In Australia one in six women have experienced violence at the hands of a current or former partner. Domestic violence is estimated to cost the Australian economy $21.7 billion a year.
94% of employees agree that employers should take a leadership role in educating their workforce about respectful relationships between men and women. A National Domestic Violence Workplace Survey revealed that 48% of respondents who had experienced domestic violence disclosed it to a manager but only 10% found their response to be helpful.
Workplaces have a duty of care and need to have an action plan in place outlining how to handle domestic violence. Managers should examine current policies and consider training staff to understand domestic and family violence.
There are a number of different ways employers can provide a supportive environment. Some workplaces include an entitlement to domestic violence leave in their enterprise agreements. Others offer flexible work arrangements, special leave, the ability to change extension numbers or leave a bag of belongings in a safe place, the possibility of working in another office, and domestic violence support information through workplace training and induction.
Education and training that identifies domestic violence as a workplace issue and equips workplaces to respond effectively can offer pathways out of violence for those experiencing it. An important first step is for workplaces to begin a conversation about domestic violence so employers can send a clear message to their employees that:
- domestic violence affects everyone in the workplace and is unacceptable
- those experiencing it are not alone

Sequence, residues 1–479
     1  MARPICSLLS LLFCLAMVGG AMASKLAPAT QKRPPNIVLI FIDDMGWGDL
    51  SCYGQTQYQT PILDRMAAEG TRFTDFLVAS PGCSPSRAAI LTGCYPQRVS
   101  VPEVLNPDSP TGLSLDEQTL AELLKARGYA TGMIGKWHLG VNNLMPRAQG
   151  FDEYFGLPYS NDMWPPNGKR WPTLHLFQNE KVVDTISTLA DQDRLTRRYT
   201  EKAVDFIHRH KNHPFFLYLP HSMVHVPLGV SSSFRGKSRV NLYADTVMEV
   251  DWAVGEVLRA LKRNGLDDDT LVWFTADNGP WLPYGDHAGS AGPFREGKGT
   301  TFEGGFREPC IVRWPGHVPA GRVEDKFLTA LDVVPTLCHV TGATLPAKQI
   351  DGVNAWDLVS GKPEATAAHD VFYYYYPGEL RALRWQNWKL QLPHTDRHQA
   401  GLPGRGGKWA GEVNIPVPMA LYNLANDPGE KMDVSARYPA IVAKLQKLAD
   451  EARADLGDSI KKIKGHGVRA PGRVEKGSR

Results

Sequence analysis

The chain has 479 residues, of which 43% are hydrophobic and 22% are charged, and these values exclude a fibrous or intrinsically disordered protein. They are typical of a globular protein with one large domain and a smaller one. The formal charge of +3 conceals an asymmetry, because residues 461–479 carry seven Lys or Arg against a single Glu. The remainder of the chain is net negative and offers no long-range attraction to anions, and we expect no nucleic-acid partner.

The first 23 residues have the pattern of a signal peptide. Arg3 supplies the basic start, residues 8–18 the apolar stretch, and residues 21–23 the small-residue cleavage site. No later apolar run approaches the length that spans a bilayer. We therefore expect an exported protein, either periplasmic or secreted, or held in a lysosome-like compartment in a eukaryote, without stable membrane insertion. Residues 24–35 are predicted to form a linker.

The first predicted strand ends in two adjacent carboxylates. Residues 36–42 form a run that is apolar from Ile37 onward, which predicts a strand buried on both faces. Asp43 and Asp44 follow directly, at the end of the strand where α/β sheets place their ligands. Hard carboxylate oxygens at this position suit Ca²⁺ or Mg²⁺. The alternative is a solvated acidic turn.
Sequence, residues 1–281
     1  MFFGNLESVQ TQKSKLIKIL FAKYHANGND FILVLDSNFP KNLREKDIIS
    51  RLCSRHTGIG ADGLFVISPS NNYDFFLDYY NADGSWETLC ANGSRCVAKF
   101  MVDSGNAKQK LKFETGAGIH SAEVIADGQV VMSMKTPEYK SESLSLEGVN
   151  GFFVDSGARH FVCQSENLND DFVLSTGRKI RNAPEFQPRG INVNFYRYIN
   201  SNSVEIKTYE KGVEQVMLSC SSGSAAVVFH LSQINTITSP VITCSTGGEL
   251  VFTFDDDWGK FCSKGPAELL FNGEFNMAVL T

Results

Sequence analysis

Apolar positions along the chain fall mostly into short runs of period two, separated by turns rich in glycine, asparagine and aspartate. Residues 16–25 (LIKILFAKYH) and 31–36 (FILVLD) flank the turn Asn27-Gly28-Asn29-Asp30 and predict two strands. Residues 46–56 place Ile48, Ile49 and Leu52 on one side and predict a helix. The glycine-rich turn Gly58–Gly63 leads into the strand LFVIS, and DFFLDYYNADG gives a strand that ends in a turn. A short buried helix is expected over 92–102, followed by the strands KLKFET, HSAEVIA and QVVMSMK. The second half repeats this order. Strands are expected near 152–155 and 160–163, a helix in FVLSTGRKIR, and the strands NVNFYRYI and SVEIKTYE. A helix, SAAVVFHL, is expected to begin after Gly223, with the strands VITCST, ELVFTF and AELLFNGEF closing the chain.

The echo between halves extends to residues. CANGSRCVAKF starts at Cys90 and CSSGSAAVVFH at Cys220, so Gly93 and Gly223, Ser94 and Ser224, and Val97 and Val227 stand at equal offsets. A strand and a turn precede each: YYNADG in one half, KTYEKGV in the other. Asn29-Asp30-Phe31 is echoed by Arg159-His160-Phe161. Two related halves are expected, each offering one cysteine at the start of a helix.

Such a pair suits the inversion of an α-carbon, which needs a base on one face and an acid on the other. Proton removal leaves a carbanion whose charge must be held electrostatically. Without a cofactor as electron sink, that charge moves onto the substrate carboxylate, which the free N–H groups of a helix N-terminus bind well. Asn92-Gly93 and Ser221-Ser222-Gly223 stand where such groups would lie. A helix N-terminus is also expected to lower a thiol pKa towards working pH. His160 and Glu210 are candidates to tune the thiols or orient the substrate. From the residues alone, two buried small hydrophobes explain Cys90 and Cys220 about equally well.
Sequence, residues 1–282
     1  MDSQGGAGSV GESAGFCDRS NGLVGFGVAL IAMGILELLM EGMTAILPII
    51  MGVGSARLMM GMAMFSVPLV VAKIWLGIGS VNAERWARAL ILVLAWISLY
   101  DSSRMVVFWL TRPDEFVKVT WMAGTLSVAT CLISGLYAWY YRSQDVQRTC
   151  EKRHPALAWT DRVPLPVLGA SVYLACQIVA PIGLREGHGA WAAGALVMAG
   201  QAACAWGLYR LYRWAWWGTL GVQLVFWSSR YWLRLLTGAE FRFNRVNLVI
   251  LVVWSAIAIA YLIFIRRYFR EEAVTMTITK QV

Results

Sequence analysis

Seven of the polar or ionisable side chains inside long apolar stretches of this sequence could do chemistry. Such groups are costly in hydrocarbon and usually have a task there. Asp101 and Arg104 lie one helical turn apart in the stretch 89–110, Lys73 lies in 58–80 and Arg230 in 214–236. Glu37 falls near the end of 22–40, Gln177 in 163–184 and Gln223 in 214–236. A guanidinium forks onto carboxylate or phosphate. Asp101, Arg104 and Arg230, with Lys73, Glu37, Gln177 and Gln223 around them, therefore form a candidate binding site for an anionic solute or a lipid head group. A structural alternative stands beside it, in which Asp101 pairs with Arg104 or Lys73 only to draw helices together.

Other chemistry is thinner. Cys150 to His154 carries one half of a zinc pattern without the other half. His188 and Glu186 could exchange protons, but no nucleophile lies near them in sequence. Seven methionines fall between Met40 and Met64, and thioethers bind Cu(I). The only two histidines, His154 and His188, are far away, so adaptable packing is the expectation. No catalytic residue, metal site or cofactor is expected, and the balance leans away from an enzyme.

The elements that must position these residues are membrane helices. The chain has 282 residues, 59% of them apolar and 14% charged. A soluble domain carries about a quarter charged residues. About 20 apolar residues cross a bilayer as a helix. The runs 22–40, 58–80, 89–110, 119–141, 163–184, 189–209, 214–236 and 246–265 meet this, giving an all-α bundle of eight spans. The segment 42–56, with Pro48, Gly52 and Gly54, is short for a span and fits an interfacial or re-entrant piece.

- victims should feel confident that disclosing a violent situation will not jeopardise their employment
- their employer will support them and work with them to find solutions to their situation, for example by developing a safety plan
- disrespectful, aggressive and violent behaviour will not be tolerated and bystanders need to feel they can stand up to it in the workplace. Violence can spill over from the home into the workplace.
- Helping to educate employees and communicating a zero tolerance for abusive, harassing, inappropriate language (including jokes) is a step towards changing attitudes and stereotypes
Failure by workplaces to acknowledge or address domestic violence can indeed compound the harms of such violence. People experiencing domestic violence usually live in a cycle of fear, fear for their safety and that of children, fear of not being able to keep up the façade at work and fulfil her duties and responsibilities while dealing with the unpredictable actions of her partner. Ultimately fear of poverty, which is a major reason for victims and survivors remaining in violent or abusive relationships. The support that an individual receives from an employer can make the difference.